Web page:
However, this is really easy to fix - I did it myself and saved the $50 expense for that bogus HDMI cable by doing this Xbox 360 HDMI "hack"... it's hardly a hack - you're just removing the obnoxious plastic that gets in the way of you plugging both cables in at the same time... thus saving $50.

You definitely need a hard drive. I just got the premium and I'm already feeling like the "20gb" hard drive is too small. I've deleted most sizeable stuff and there's still somehow only 11gb free - the 20gb is totally misleading.

Also in the "hack" department - if you're unable to part with keyboard/mouse FPS stuff, check out XCM, who makes something called the XFPS that allows you to hook up a keyboard/mouse.
posted by twiggy at 1:12 PM on December 31, 2007 [1 favorite]

I love my 360 because it's a turn-on-and-play system. The diversity of games, the online element- arcade, the downloadable content, the friends-experience- are all awesome. I can't believe I'm saying this, but that silly Elijah Wood hosted pre-launch MTV special was right: the 360 with live really is a total experience. Sorry to say to any PS or Wii fanboys, but the 360 is simply the best console out there, by a tremendous margin.

1) Can't speak to thrills/annoyances, I haven't PC-gamed in years. The fact that there's no install or driver issues or constantly-upgrading hardware to support the latest and greatest is nice. The controller is pretty usable, and things like steering wheels for driving games or alternate controllers are readily available.

2) Under no circumstances should you get a harddrive-less model!!! Though you say you won't be an online gamer, the 360 will probably change that about you- but it doesn't mean you need the bigger hard drive of the elite. The biggest difference between the pro and the elite are the presence of HDMI cables out of the box vs. component, and the larger (120 vs 20) hard drive. I've had my 12GB original drive since console release, and I've never gone past 50% space used, but all those Rockband downloadable songs are making me glad I have it.

3) You don't need HDMI cables- they'll come in the box of the elite, or standard component cables with the pro (on preview, I see twiggy addresses even this). You shouldn't notice a picture difference; both can do 1080p without issue. The optical sound might seem attractive, but I'm fine with my 360's 5.1 sound using the normal outputs. Bioshock was plenty immersive with a component connected 46" LCD and 5.1 surround! You can always get the HDMI cables later anyway...

4) No shopping advice, other than to echo if you can find a reliable person to buy from, a used console + games will be cheaper than new. I have had my 360 since launch, and no red ring of death. I do know one couple that's had it, and one thing I noticed is they kept their 360 vertical; it not only got a RRoD, but for some reason Project Gotham Racing 3 wouldn't play when the console was vertical.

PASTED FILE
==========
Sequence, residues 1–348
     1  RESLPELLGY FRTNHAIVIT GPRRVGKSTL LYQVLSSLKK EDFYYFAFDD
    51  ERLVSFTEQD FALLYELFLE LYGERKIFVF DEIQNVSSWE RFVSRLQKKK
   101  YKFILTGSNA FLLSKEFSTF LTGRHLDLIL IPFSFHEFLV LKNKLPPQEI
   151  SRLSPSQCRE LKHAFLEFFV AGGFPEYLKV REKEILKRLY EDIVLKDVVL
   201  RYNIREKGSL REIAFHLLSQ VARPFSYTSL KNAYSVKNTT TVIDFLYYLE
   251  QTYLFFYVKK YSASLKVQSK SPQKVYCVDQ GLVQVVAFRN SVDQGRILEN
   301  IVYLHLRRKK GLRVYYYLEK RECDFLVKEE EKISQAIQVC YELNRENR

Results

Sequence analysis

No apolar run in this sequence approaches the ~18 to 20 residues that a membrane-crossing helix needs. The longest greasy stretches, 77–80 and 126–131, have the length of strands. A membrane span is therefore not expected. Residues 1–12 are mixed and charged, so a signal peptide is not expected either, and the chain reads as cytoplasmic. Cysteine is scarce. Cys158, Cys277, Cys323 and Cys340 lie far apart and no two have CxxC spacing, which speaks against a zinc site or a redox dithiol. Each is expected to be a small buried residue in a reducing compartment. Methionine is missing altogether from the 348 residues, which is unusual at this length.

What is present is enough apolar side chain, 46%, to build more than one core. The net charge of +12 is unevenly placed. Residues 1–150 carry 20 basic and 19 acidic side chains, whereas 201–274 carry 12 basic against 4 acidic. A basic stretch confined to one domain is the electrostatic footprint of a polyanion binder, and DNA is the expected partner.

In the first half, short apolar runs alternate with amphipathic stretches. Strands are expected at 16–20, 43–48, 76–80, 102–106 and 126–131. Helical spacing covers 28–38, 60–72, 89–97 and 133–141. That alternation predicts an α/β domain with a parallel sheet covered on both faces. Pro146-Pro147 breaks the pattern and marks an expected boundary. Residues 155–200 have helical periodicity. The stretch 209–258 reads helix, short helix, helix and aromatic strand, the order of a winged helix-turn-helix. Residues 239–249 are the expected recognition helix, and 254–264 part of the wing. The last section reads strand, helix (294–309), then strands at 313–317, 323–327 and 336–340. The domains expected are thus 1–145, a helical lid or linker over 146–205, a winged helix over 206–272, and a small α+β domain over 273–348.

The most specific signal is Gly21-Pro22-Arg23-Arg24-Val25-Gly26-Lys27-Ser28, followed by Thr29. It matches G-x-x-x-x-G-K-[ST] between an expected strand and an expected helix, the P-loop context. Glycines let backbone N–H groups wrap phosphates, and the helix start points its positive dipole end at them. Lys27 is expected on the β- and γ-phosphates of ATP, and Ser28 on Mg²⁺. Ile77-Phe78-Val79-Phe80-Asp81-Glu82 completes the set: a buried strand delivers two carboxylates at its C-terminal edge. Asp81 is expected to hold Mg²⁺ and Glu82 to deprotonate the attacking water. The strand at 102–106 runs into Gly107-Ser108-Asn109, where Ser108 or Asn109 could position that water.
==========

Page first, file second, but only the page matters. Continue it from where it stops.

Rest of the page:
5) Xbox live silver vs. gold: this is a nuisance. I was fine with Live Silver until very recently, and Silver is free forever. Sadly, games like Guitar Hero III (not GHII) came out that require you to have Gold to even track or view top scores online! Those bastards... That said, a gold account is purchasable in monthly blocks or $50 a year, which you can buy in a store as a card to avoid auto-renewal if you don't like/need it. So you can try out gold for 3 months and a small amount, and decide it's not worth it. The free Silver membership means you'll still be able to do most things like download content or demos or game updates, but you won't be able to do online multiplayer.
posted by hincandenza at 6:50 PM on December 31, 2007

I made the leap from PC gamer to Xbox gamer awhile back. The 360 controller is excellent. It'll be awkward at first but then you'll get used to it.

Get Xbox live, it's one of the best things about the system.

Rent Assassin's Creed before you buy it -- I was hugely disappointed after a few hours of playing it.

CoD4, Bioshock, Mass Effect, Halo 3, and Gears of War are all great.
posted by ludwig_van at 12:24 PM on January 1, 2008

Ludwig Van: in Assassin's, did you get to the first mission? The pre-mission stuff is shockingly unsatisfying, but once you get to the cities, I found the game picked up tremendously. Also, after the first hit in Damascus, they give you the counter-kill ability, which makes swordfighting FAR more enjoyable.

Anyway, sorry to go OT.
posted by Doctor Suarez at 12:04 AM on January 2, 2008 [1 favorite]

I got through about three assassinations before giving up. It seemed to me that once you've done one you've done them all. It was pretty, and climbing on stuff was fun and well-implemented, but the investigations don't get any different or more challenging, the stealth mechanic is worthless, the rooftop guards don't do anything, and the story was really slow and dull and way too talky.

But that's just, like, my opinion, man.
posted by ludwig_van at 12:21 AM on January 2, 2008